Appointment of Gillian Keegan as Parliamentary Under Secretary of State for Apprenticeships and SkillsFebruary 18, 2020
Tom Bewick, chief executive of the Federation, said:
“FAB welcomes the appointment of Gillian Keegan. Our Chair, Paul Eeles, wrote to the Prime Minister at the start of the year for the reinstatement of a skills and apprenticeships minister. What is great about this appointment is that the new Minister has herself been an apprentice. She has worked extensively in industry before entering Parliament, and she has been a champion for education and skills as a back-bencher.
“In truth, though, the new Minister is going to find the “best job in government” quite challenging initially. There are big decisions ahead on the future of the Apprenticeship Levy and public support for qualifications at Level 3 and below. It will be interesting to see if Keegan takes on the “Whitehall knows best” tendency. Too many skills policy reforms are driven from the top-down. It makes decision-making sclerotic. The regulatory burden is growing. As a result, there is a lack of transparency and accountability of who is responsible for what, or sufficient challenge of unelected officials running large agencies.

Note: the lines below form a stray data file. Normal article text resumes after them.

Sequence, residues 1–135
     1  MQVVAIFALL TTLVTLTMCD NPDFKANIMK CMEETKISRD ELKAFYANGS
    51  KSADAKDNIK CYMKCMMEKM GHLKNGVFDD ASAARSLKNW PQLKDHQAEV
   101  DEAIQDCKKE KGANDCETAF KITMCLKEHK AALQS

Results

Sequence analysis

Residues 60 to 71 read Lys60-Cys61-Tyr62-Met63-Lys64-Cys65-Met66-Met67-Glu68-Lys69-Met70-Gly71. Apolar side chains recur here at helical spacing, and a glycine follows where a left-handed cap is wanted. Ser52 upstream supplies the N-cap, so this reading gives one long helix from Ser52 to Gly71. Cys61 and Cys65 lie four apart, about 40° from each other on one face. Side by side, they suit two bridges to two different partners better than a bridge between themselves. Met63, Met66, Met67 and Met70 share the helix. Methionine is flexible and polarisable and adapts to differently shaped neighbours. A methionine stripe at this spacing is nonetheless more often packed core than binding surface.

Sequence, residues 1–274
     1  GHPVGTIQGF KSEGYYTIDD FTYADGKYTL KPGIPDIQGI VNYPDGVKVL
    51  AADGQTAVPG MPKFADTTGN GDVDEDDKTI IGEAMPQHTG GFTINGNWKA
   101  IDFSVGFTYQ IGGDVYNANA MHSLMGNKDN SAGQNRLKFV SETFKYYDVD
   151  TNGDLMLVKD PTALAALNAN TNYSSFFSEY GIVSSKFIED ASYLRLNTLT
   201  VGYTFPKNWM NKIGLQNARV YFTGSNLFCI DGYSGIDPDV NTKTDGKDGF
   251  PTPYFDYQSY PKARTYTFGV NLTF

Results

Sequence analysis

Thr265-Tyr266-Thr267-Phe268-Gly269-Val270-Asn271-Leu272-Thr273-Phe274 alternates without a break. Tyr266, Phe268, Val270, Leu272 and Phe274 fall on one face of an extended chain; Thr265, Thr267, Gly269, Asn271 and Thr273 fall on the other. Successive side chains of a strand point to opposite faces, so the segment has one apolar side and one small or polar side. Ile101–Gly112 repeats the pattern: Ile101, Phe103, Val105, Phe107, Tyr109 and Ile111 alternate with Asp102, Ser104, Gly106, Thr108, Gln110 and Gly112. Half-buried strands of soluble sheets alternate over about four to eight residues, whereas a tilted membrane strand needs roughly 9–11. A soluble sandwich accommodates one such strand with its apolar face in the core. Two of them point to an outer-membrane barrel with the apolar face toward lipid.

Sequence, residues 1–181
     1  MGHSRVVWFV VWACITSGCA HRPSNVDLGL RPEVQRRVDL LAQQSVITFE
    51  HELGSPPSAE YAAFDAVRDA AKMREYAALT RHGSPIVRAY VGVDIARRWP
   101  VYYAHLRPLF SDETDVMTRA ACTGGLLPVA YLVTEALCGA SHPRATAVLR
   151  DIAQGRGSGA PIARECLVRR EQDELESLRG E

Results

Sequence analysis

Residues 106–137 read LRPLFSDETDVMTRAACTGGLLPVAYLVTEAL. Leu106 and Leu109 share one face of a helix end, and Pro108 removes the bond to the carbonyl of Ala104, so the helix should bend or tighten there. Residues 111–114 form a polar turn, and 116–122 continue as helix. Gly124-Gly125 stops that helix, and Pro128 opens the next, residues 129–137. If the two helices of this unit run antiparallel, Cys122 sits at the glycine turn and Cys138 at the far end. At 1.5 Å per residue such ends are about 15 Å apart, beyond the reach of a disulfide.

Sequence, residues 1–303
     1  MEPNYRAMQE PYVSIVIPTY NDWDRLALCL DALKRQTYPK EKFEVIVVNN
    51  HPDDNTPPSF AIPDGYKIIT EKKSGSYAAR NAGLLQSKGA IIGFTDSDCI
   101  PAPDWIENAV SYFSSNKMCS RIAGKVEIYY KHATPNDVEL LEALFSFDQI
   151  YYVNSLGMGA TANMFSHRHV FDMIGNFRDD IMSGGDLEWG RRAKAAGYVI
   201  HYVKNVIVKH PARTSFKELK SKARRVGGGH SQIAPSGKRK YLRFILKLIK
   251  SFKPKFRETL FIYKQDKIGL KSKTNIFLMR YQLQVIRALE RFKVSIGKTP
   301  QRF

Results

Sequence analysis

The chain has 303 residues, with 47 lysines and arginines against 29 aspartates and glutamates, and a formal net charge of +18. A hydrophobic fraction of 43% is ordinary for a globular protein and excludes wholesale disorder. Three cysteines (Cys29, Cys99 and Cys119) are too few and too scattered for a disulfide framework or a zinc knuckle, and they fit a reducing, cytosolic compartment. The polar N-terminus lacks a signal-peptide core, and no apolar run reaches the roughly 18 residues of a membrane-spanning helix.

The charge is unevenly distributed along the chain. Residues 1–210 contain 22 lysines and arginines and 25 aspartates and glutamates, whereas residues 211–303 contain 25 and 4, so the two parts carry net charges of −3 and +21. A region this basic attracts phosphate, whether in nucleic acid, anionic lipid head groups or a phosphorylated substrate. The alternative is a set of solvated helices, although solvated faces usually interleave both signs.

“The Minister should not be in the day-to-day running of England’s skills and apprenticeship system, but she should take the lead on policy formulation and driving higher levels of performance. Crucially, I would say, the Minister should chair a monthly Skills Alliance Board, where the statutory bodies and key representative organisations, like FAB, are brought together to plan out how, working together, we can create a lifelong learning system that is the envy of the world. If this doesn’t happen, Ms Keegan will join some of the other recent skills ministers who have struggled to make a real impact on improving the life chances of young people and adults in England. Data from the Institute for Fiscal Studies, for example, shows that 4 million adult learners have been lost to the system since 2005, and young people are increasingly missing out on apprenticeships. This is perhaps the yardstick by which most of us working in the sector will want to hold the new skills and apprenticeship minister to account.”